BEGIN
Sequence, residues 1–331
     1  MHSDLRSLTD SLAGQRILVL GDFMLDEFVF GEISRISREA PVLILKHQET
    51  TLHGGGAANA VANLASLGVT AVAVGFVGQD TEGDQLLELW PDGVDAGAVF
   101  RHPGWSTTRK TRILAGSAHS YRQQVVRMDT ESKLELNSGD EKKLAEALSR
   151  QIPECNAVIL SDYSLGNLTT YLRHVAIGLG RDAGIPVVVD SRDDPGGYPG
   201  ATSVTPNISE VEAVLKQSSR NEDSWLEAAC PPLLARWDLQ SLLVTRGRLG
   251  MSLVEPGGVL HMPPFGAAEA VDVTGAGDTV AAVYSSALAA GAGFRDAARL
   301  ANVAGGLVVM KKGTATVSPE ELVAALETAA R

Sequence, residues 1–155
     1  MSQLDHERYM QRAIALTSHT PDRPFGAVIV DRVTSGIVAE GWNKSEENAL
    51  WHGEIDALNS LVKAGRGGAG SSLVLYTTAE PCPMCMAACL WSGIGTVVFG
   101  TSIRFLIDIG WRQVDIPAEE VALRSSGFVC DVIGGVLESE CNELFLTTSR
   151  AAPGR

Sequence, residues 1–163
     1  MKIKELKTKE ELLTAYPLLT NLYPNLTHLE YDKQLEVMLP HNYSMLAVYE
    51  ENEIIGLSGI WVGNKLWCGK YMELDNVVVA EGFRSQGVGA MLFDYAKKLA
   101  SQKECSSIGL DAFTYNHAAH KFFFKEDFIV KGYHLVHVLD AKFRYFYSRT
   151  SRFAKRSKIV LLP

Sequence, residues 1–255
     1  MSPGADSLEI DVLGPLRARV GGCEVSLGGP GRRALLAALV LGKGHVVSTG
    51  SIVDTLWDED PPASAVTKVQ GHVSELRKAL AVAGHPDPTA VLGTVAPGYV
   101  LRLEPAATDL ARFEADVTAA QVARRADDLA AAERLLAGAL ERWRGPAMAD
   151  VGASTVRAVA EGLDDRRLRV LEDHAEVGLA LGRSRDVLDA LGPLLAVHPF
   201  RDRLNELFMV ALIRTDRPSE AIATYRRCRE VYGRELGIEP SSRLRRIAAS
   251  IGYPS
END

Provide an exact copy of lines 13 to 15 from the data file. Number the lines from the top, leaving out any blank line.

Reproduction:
   151  AAPGR

Sequence, residues 1–163
     1  MKIKELKTKE ELLTAYPLLT NLYPNLTHLE YDKQLEVMLP HNYSMLAVYE